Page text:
Cedar Crest, the Kansas governor’s mansion, outside Topeka.

Kansas Gov. Sam Brownback wants a wind turbine at the governor’s mansion.

Brownback, a former U.S. Senator, is staunchly conservative, but has been supportive of tapping the state’s vast wind power reserves, and backed a federal renewable energy standard proposal while in Congress (however, he also notably campaigned against wind development in the scenic Flint Hills area of eastern Kansas — and yes, there are scenic areas in Kansas).

The idea to put up a wind turbine at the governor’s mansion called to mind the iconic oil rig in front of the Oklahoma state capitol – a counterpoint of sorts, energy future vs. the energy past and that sort of thing.

But it turns out that Oklahoma is also the first state in the U.S. to install a wind turbine at its governor’s mansion — a 10 kW project completed last May. A similar turbine went up on the capitol grounds a few weeks later.

Solar panels have been installed on state capitols in Wisconsin, Colorado and Oregon.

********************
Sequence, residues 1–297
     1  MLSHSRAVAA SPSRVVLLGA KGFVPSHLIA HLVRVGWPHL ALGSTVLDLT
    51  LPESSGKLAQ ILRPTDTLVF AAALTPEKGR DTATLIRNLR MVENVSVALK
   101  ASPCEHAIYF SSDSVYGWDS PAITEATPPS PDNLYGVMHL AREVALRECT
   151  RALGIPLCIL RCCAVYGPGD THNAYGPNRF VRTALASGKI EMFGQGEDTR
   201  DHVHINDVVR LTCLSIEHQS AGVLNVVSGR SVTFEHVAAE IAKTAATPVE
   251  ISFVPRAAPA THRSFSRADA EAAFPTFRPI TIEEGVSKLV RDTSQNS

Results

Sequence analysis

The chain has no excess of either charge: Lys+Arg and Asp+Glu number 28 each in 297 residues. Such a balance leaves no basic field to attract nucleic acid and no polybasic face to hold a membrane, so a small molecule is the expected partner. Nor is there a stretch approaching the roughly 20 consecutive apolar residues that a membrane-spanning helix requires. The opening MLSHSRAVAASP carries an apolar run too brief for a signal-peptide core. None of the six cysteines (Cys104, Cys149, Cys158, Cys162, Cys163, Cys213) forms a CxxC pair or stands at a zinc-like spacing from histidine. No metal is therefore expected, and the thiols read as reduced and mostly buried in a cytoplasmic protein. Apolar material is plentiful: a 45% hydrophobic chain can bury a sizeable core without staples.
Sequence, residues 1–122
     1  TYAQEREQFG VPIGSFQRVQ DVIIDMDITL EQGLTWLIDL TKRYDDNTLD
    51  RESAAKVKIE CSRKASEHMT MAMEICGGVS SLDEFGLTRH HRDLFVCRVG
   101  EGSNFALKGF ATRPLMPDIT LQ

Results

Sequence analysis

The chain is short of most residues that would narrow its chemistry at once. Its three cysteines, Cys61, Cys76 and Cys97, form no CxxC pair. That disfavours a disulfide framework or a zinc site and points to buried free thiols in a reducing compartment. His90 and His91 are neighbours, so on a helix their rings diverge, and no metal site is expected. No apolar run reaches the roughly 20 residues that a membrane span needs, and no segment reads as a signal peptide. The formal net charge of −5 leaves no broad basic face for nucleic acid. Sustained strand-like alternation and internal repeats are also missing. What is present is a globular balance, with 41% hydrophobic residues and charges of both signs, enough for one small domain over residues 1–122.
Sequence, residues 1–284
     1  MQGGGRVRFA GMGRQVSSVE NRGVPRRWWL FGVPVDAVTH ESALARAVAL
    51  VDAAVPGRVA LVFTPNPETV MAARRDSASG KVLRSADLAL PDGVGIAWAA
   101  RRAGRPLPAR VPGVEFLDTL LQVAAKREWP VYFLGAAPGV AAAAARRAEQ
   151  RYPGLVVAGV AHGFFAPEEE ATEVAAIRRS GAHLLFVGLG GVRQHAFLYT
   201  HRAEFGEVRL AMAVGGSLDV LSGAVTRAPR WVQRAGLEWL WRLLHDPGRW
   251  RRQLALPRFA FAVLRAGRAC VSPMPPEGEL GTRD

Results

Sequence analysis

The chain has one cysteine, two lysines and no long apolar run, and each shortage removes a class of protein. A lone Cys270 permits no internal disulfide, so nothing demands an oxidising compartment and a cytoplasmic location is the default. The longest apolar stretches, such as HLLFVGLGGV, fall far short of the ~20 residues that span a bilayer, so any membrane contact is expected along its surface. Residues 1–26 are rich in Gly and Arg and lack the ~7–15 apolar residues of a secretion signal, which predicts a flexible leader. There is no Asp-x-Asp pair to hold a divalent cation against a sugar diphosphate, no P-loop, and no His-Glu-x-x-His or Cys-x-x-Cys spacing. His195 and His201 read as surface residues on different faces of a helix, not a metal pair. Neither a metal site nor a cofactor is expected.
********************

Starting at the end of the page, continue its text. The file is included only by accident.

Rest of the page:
There’s nothing unusual about renewable energy projects at public buildings. But there’s a high level of symbolism to putting up a wind turbine at the governor’s mansion or the state capitol.

And the fact that the first states to make such a visible statement about wind power are also among the most conservative in the U.S. is further proof that the politics of renewable energy don’t break as cleanly along red/blue lines as some would have you believe.

Photo by Jimmy Emerson via Creative Commons

Ken is the director of the Energy News Network at Fresh Energy and is a founding editor of both Midwest Energy News and Southeast Energy News. Prior to joining Fresh Energy, he was the managing editor for online news at Minnesota Public Radio. He started his journalism career in 2002 as a copy editor for the Duluth News Tribune before spending five years at the Spokesman-Review in Spokane, Washington, where he worked as a copy editor, online producer, features editor and night city editor. A Nebraska native, Ken has a bachelor's degree from the University of Nebraska-Lincoln and a master's degree from the University of Oregon. He is a member of the Society of Professional Journalists and Investigative Reporters and Editors.

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